The ASP.NET Core Framework is designed from scratch to keep in mind to be Cross-Platform for both development and deployment. Let us discuss what Cross-Platform is from ASP.NET Core point of view by comparing it with the earlier versions of the ASP.NET Framework.

The earlier versions of ASP.NET Framework applications can only run on windows platforms whereas the ASP.NET Core applications can develop and run on different platforms such as Windows, Mac, or Linux operating systems. We can host the earlier ASP.NET Framework 4.x applications only on IIS whereas we can host the ASP.NET Core applications on IIS, Nginx, Docker, Apache, or even self-host deployment.

To develop ASP.NET Core applications, you have multiple options like you can use either Visual Studio or Visual Studio Code. If you want then you can also use any third-party editors as per your choice.

Full Control over HTML and HTTP Requests:

In ASP.NET Core MVC Framework, you will get full control over HTML. That means you will be able to create simple to complex type HTML pages styled with CSS and display them on the browser.

Similarly, you will also get full control over HTTP requests passed between the browser and the server. It is very easy to create an AJAX request.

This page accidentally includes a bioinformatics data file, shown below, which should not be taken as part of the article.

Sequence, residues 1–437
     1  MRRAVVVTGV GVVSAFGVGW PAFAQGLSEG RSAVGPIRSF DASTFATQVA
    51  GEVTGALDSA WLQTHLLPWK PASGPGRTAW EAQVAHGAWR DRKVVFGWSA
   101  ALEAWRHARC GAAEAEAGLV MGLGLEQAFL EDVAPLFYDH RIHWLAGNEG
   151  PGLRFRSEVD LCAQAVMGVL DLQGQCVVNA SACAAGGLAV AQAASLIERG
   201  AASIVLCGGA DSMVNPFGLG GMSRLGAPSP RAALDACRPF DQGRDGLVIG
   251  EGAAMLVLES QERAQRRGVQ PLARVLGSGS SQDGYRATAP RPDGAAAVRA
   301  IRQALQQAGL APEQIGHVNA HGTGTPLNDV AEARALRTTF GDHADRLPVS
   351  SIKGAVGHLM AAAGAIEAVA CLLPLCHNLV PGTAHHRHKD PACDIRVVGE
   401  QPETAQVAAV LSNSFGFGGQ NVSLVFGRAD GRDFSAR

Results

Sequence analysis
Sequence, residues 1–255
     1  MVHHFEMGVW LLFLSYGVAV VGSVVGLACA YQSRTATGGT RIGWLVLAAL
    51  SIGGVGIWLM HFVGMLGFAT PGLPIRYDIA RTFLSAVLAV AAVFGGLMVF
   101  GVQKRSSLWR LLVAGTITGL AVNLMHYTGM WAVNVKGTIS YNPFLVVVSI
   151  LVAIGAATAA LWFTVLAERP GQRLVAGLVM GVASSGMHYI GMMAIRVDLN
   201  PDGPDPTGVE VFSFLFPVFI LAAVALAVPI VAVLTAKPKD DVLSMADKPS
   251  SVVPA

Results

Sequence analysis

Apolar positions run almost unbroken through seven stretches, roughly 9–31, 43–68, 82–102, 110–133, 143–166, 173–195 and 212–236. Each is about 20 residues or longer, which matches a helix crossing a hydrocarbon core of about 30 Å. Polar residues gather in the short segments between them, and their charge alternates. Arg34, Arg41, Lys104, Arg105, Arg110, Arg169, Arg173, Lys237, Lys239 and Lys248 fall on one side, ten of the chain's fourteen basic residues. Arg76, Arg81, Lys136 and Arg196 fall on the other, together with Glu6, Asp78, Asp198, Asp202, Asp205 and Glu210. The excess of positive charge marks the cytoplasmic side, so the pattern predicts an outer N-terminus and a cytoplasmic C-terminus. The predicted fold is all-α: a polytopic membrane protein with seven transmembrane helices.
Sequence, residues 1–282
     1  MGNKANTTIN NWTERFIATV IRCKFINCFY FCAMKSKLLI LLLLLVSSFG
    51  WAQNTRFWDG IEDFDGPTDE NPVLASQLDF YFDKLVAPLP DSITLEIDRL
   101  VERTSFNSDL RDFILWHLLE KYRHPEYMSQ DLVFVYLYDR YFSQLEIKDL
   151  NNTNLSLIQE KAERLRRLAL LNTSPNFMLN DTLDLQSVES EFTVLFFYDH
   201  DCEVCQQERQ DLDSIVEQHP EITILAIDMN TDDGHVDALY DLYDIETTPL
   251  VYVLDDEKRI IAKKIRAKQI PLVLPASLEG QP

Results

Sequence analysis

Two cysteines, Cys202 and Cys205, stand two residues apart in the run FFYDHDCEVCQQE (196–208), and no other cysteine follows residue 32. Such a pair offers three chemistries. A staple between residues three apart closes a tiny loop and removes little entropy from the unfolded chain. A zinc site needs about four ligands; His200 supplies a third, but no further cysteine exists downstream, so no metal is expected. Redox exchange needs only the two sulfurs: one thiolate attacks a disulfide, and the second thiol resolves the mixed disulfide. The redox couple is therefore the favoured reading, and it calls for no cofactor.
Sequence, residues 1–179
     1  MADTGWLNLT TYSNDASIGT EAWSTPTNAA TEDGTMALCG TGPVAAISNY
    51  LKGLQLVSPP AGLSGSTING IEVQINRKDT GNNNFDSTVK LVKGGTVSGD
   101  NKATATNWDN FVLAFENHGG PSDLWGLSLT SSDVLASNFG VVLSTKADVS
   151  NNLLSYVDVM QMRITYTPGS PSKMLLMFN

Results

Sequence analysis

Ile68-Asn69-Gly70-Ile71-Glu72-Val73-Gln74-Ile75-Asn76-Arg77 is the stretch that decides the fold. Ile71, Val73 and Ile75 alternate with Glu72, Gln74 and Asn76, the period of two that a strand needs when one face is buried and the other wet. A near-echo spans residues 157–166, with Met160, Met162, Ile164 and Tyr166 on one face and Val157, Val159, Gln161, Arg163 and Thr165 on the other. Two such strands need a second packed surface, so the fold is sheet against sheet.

In ASP.NET Core MVC, You can easily plugin and use the client-side libraries like jQuery, Bootstrap, React and Angular.

Unified MVC and Web API Framework: 

The ASP.NET Core provides a unified programming model for developing both Web apps and Web APIs. That means a single controller class can be used to handle both. The Controller we create in ASP.NET Core (either Web APPs or Web APIs) application is going to inherit from the Controller base class and returns the IActionResult interface. The IActionResult interface provides several implementations. The built-in result types such as the JsonResult and the ViewResult and (like this there are so many result types available that we will discuss later) implement the IActionResult interface.

In the ASP.NET Core Web API application, the controller action method is going to return JsonResult. At the same time if it is ASP.NET Core Web application, then the return type of the controller action method is going to be ViewResult. 

Extensible Framework: